Eutrophication

Researchers have noted that the increased concentration of harmful chemicals in the ocean leads to eutrophication. The presence of nitrogen-rich fertilizers, animal wastes, and human sewage triggers the explosive growth of marine algae and other life-threatening microorganisms that subsequently disrupt the ocean ecosystem. The depletion of oxygen due to eutrophication will also cause the death of marine fauna, resulting in the formation of dead zones in the ocean waters.

Ocean Acidification And Thermal Pollution

Patches of bleached coral caused due to ocean acidification. Image credit: Ethan Daniels/Shutterstock.com

The ocean acts as a massive natural carbon sink by dissolving the atmospheric carbon-dioxide and excess heat in its waters. However, due to an increase in CO2 levels due to global warming, the waters of the ocean are becoming increasingly acidic—a process called ocean acidification. The change in pH is already affecting coral reefs around the world leading to coral bleaching which has detrimental effects on marine life dependant on these reefs for their life cycle. 

Thermal pollution of the ocean waters is caused by the release of hot waters from power plants and processing companies into the ocean. It leads to a localized change in water temperature that, in turn, reduces the volume of oxygen dissolved in the water, killing marine life.

Oil Spills

People trying to remove crude oil from the water after an oil spill accident on Ao Prao Beach at Samet island on July 31, 2013 in Rayong, Thailand. Image credit: Kajornyotwildlifr photography/Shutterstock.com

Oil spills result in the change of chemical composition of the marine ecosystems and also kill beneficial marine micro-organisms that generate oxygen. Such ecological imbalances lead to the smothering of the ocean’s biodiversity and result in reduced reproduction and migration, and the death of fish.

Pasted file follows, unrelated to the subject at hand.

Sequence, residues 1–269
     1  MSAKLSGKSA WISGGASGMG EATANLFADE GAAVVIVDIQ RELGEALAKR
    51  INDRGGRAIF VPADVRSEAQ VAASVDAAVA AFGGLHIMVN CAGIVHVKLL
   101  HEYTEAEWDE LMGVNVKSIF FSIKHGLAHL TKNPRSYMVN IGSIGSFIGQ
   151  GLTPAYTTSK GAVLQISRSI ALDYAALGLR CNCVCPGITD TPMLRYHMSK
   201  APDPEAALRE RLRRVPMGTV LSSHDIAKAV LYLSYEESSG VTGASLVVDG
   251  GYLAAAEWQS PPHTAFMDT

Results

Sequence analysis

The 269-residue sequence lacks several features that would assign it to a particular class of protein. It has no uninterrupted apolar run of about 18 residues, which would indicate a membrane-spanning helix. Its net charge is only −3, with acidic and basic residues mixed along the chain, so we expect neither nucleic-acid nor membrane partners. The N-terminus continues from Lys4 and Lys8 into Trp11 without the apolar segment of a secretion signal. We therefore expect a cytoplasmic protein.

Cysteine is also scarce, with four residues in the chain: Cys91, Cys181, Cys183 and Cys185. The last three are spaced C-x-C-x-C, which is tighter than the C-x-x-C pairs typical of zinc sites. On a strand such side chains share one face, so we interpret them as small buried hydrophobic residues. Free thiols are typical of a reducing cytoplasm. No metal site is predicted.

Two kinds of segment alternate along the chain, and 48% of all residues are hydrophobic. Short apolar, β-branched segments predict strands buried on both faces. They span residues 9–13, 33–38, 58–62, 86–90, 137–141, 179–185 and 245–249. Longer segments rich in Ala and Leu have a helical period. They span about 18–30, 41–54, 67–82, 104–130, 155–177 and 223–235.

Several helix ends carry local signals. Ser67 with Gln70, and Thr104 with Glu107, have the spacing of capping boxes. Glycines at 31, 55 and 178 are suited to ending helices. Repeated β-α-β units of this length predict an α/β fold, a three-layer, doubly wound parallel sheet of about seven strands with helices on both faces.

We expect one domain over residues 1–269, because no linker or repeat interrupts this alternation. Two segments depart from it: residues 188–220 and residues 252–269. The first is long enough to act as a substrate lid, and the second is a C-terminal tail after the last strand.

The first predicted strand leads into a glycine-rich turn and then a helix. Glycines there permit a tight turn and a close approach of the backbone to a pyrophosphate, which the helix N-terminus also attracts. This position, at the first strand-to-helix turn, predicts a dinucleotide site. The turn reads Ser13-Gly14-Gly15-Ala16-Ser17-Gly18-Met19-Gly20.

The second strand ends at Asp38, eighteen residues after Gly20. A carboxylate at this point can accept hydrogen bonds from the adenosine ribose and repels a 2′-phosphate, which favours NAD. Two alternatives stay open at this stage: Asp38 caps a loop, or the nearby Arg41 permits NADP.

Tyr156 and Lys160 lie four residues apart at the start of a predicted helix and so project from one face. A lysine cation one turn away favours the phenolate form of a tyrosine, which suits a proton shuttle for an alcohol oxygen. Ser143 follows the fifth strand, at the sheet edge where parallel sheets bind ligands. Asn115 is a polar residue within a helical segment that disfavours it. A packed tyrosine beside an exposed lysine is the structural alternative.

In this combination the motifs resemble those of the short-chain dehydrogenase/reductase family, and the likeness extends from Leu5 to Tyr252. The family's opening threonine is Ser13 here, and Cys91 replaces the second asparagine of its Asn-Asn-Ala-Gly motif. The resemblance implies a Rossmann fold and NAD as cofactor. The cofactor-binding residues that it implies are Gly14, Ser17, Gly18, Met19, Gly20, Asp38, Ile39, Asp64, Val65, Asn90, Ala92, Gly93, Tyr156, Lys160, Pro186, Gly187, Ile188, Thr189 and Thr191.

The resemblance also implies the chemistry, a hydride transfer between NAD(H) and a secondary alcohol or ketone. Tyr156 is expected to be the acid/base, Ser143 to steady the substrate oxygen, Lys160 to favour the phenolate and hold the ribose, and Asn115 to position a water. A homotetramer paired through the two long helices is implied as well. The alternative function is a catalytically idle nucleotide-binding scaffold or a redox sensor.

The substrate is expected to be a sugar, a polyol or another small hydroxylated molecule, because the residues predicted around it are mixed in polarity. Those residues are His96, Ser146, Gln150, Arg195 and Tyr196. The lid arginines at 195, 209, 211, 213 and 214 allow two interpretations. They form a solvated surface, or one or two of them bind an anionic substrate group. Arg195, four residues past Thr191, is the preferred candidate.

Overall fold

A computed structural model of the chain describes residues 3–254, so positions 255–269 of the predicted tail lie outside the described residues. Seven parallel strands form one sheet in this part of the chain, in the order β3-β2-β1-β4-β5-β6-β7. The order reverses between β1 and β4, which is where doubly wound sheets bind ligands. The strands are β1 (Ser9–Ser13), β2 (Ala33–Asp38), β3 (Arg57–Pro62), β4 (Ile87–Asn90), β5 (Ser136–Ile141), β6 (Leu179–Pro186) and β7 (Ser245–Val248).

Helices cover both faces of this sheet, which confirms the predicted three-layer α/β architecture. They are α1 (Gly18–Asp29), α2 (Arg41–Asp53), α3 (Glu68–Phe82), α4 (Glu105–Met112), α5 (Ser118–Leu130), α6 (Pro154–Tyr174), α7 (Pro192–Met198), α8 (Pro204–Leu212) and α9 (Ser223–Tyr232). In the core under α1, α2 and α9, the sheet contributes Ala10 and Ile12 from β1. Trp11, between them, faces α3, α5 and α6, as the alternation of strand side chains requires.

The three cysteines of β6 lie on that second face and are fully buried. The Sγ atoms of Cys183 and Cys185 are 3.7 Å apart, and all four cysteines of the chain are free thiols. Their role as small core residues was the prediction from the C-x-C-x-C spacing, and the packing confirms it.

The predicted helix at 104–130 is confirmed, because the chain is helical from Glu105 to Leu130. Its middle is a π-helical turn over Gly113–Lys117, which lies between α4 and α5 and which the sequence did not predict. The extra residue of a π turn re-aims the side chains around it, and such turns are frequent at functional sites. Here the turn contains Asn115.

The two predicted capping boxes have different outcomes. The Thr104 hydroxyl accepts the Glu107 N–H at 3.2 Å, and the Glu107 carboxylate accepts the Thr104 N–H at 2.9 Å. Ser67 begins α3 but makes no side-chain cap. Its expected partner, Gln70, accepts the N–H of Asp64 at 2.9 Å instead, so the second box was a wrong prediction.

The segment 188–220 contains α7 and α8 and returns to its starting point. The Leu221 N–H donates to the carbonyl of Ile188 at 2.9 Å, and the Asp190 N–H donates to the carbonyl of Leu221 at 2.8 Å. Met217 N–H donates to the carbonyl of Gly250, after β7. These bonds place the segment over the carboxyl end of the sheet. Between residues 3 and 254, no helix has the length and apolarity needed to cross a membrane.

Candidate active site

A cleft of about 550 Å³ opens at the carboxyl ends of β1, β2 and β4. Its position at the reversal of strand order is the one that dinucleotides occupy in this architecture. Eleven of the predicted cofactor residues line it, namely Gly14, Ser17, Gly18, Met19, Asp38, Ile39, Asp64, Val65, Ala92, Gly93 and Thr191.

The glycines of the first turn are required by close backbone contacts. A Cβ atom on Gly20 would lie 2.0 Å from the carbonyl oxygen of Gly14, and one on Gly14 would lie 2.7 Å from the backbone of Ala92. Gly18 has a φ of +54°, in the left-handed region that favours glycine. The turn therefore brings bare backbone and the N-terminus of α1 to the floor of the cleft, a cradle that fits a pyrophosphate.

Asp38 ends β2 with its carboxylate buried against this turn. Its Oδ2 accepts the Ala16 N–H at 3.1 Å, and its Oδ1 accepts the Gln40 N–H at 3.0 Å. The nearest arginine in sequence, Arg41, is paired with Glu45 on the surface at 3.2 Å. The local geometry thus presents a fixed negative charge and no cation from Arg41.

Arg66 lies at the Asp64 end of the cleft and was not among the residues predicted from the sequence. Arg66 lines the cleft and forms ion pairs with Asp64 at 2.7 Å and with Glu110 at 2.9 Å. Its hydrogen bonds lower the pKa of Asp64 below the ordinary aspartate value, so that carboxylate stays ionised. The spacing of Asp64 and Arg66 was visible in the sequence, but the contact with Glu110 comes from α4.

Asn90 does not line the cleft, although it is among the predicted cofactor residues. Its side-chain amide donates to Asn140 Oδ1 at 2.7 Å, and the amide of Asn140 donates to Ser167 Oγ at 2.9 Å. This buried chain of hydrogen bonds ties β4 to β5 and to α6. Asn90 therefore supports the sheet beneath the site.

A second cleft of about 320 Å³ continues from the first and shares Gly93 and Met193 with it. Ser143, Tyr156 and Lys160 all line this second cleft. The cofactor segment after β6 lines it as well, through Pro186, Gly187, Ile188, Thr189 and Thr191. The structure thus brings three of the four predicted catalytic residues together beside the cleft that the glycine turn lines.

Noise Pollution

Unwarranted loud noise generated by passing ships for transportation and exploration activities is detrimental to marine life. Such unnecessary noise creates confusion in the marine environment by interfering with the acoustic information used by many aquatic species like whales and dolphins that rely on their sense of hearing for survival and other activities.

Plastics

A large quantity of single-use plastics have been mercilessly dumped as litter into the marine environment and have been found on beaches, in polar ice seas, and even on the shorelines of the world’s most remote uninhabited islands. Plastic debris has been transforming some marine areas into a plastic soup, leading to the choking of marine life and causing a potential large-scale impact on the marine environment.

Rain and winds carry macro plastics including plastic bags, bottles, and other wastes into storm drains and rivers which act as conveyor belts dumping about 1.15-2.75 million metric tons of waste into the oceans every year. The sunlight and the ocean waves help to breakdown the macro plastics into smaller pieces of microplastics, which have now become a ubiquitous component of the marine and freshwater ecosystems. These microplastics are spread throughout the water column and have even reached the Mariana Trench, thereby underscoring the breadth of marine pollution.